Overcoming the bystander effect

This syndrome is seen across the world, and is a social phenomenon that goes against every theory of social support 
For representational purposes (Express Illustrations)
For representational purposes (Express Illustrations)

A recent Indian Council of Social Science Research (ICSSR) study on racial discrimination and hate crimes found that people from the Northeast were being victimised and attacked amid the pandemic. People called them ‘coronavirus’ because the “northeast Indian seamlessly fits (an) Indian’s imagination of  a Chinese person.” They “faced an increased number of hate crimes against them” from various parts of the country after being “harassed, abused, and traumatised.” 

Since these attacks were happening in public, why did nobody interfere? Each time such a video is posted online, netizens are outraged that nobody intervened. This syndrome is seen across the world, and is a social phenomenon called the bystander effect. It goes against every theory of social support because in theory, people are less likely to help a victim when there are more people present. 

The phrase was coined in the 1960s by psychologists Bibb Latané and John Darley. They analysed the murder of Kitty Genovese in New York City in 1964, when she was stabbed to death outside her apartment. None of her neighbours responded to her pleas of help, despite being perfectly aware that she was being stabbed.

According to US psychologist Dr Todd Lucas, a reason for the bystander effect is diffusion of responsibility the more the witnesses the less likelihood of help. You see that every day. People avoiding a scene while a woman is assaulted in public. Voyeurs filming an accident on their phones without offering to help the dying person. The presence of a crowd dilutes the sense of responsibility for a single person to respond. Psychologists and social professionals blame the desire to fit in on the bystander effect.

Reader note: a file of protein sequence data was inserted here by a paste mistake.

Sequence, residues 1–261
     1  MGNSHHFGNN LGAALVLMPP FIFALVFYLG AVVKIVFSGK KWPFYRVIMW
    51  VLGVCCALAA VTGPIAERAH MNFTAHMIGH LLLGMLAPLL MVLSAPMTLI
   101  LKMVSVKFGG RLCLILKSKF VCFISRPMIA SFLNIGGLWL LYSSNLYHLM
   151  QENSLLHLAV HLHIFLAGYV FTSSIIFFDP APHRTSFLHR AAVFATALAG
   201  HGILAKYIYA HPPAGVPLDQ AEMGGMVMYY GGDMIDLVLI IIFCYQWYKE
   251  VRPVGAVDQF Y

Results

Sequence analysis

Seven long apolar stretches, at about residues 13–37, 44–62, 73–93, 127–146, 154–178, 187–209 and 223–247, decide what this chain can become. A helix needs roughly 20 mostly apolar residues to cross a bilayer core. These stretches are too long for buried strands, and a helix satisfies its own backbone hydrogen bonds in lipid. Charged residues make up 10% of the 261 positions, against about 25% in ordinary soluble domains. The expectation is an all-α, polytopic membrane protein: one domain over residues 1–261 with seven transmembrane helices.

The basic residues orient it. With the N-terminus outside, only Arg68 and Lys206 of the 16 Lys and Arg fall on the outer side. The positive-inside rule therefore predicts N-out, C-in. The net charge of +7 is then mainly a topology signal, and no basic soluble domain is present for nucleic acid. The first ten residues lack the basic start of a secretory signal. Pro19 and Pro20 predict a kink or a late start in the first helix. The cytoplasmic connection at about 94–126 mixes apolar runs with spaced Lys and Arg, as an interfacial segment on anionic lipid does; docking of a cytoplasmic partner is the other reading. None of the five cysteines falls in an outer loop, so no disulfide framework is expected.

People who are social animals take their cues from a crowd if others are not taking something seriously, then it is not serious. The scary consequence of the bystander effect is that by not intervening, passive witnesses are paving the ground for potential harm. Its worst impact is on the victim: “It sends a message to the victim that people don’t think they’re worth helping,” says an activist for women’s rights.

Anyone can be gripped by the bystander effect. The solution to be proactive is to acknowledge when somebody needs help; they might actually need it. If nobody else is intervening it does not mean you shouldn’t. Lucas also suggests that one person stepping forward creates a chain reaction pushing those around to act. 

What happens when you are the victim of a crime or accident when people are standing  around watching? Sociologists recommend you to identify someone who looks sure they might help and appeal directly to them. People-powered movements against harassment like Hollaback offer courses that teach about the bystander effect and how to overcome it. In many cases, intervention can be better than immediate cure.

Getting over it
● Educate yourself about the bystander effect and introspect about what you can do next time
● Invest in people’s emotions sincerely by actively reaching out in non-emergency situations. This will enable you to act swiftly when there is a dire situation.
● See people as deserving of help irrespective of whether you know them or not
● Coach yourself to not worry about what people say
● Choose altruism

In a nutshell
Bystander effect is when in a serious situation, (or an emergency) observers stand in silence. They do not intervene. It results in inaction, especially when there is a crowd and nobody steps forward to help. One of the reasons why people do this is out of shock. It makes them freeze. A sudden rush of fear is felt making them unable to move into action. Situational factors are responsible too. This is seen, especially, in cases of sexual harassment of women in public places where sexist mindsets prevent people from helping. In other cases, people assume they are not equipped to handle the situation. This phenomenon is also seen because people assume the matter at hand is not serious enough. 

According to US psychologist Dr Todd Lucas, a reason for the bystander effect is diffusion of 
responsibility the more the witnesses, the less likelihood of help

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